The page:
At least 81,000 Facebook accounts have been hacked and are for sale on the internet
A new scandal hit Facebook on Thursday (1): According to a BBC discovery, at least 81,000 user accounts have been stolen by Russian hackers, and that figure could reach as high as 120 million.
The first signs of this security breach came in September, when a user named FBSaler posted an English-language forum (which sold Facebook user profiles) that had a database of 120 million users.
Internet security firm Digital Shadows examined the sample of the user's sample at the BBC's request and found that the sample's 81,000 accounts contained private messages that could not be accessed by legal methods by anyone, confirming that all accounts were hacked there. Among the information disclosed, there were talks about a show by the band Depeche Mode, complaints from a user about the son-in-law and even spicy talk between two lovers.
She also noted that while most of the sample profiles were from users in Russia and Ukraine, there were accounts from all regions of the world, including countries like the United States, England and even Brazil.
The accounts were sold for ten cents each, but since Digital Shadows began the investigation, the post where those accounts were sold was erased. But before that, the BBC Russia team was able to e-mail the seller of those accounts, which confirmed that the accounts on sale were not the same as those affected by the Cambridge Analytica scandal months ago, or the theft of tokens that occurred in late September, ensuring that the group had access to 120 million user accounts worldwide, and 2.7 million of those accounts would be Russian users. When asked whether the group was connected to the Russian government or had any connection with the Internet Research Agency (the hacker group that has links with the Russian government), the answer was no.
Despite denials of involvement with the Russian government, one of the websites where account information was posted could be traced from St Petersburg and uses an IP address that Cybercrime Tracker says has already been used in the past to spread the word. LokiBot Trojan, a virus that allows cybercriminals to access password data from computer users.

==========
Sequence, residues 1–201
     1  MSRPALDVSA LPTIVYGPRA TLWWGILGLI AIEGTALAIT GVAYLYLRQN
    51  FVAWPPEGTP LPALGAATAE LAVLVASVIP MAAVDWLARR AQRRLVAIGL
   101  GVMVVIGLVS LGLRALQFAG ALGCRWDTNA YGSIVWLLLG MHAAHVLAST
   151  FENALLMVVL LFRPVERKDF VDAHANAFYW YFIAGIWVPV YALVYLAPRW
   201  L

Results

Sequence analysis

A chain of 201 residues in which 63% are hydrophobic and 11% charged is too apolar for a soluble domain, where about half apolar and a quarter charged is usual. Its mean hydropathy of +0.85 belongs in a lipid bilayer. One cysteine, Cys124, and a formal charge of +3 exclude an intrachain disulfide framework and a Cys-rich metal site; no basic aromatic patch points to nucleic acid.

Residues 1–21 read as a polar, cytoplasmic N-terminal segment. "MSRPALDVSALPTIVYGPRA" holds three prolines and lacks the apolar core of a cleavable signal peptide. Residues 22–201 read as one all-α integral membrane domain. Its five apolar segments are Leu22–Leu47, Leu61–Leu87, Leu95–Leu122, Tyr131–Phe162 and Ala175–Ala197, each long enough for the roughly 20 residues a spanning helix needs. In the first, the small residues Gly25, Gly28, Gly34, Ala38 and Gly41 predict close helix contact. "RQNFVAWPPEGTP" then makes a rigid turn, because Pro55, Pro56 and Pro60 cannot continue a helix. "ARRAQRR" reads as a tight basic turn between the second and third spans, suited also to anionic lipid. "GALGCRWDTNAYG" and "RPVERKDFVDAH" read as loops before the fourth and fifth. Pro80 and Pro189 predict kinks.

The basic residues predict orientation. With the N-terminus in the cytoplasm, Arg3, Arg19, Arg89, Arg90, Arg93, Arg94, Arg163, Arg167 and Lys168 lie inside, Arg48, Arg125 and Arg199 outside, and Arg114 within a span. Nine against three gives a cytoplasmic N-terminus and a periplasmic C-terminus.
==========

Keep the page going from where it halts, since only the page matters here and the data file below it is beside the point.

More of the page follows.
Although 120 million accounts are alarming, Digital Shadow believes it is only a bluff to catch the attention of potential buyers, claiming that it would not be possible for a company like Facebook, which since the scandal with Cambridge Analytica has been redobrada attention with the security of the data of its users, would not be perceived an theft of accounts of this magnitude.
Asked about the case, Facebook guarantees that it has not suffered any kind of invasion on its servers from where this information in private messages may have been stolen, and believed that this information was accessed through extensions installed in users' browsers that took prints of the screen and automatically sent them to the servers of these cybercriminals.
The company also said that it is already working with local authorities to remove the sites that provided account information, and has already contacted the developers of major browsers so they can remove the extensions used in the theft accounts.
Facebook claims that this time has no blame for stealing the accounts and if the theft was done even through browser extensions, the company will really be free of blame in this case, and who should take their share of responsibility are the developers of browsers, which allowed programs with malicious intent to be provided in their stores.
Even so, this is already the third major controversy involving user data that hits Facebook this year alone, making it the hardest year for the Zuckerberg company since 2018 since it became one of the technology market giants - and certainly this new "frill" is expected to further dampen public confidence in the world's largest social network.